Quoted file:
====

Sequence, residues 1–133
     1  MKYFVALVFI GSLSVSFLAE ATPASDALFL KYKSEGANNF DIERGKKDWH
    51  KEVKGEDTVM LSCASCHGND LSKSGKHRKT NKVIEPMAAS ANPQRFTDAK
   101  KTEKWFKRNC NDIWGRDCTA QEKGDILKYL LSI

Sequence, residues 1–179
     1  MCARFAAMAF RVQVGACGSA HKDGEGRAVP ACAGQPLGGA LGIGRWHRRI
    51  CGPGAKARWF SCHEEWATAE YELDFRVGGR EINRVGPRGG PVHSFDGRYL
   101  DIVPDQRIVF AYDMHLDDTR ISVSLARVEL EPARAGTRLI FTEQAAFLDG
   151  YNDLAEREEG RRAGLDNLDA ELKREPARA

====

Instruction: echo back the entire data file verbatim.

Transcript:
Sequence, residues 1–133
     1  MKYFVALVFI GSLSVSFLAE ATPASDALFL KYKSEGANNF DIERGKKDWH
    51  KEVKGEDTVM LSCASCHGND LSKSGKHRKT NKVIEPMAAS ANPQRFTDAK
   101  KTEKWFKRNC NDIWGRDCTA QEKGDILKYL LSI

Sequence, residues 1–179
     1  MCARFAAMAF RVQVGACGSA HKDGEGRAVP ACAGQPLGGA LGIGRWHRRI
    51  CGPGAKARWF SCHEEWATAE YELDFRVGGR EINRVGPRGG PVHSFDGRYL
   101  DIVPDQRIVF AYDMHLDDTR ISVSLARVEL EPARAGTRLI FTEQAAFLDG
   151  YNDLAEREEG RRAGLDNLDA ELKREPARA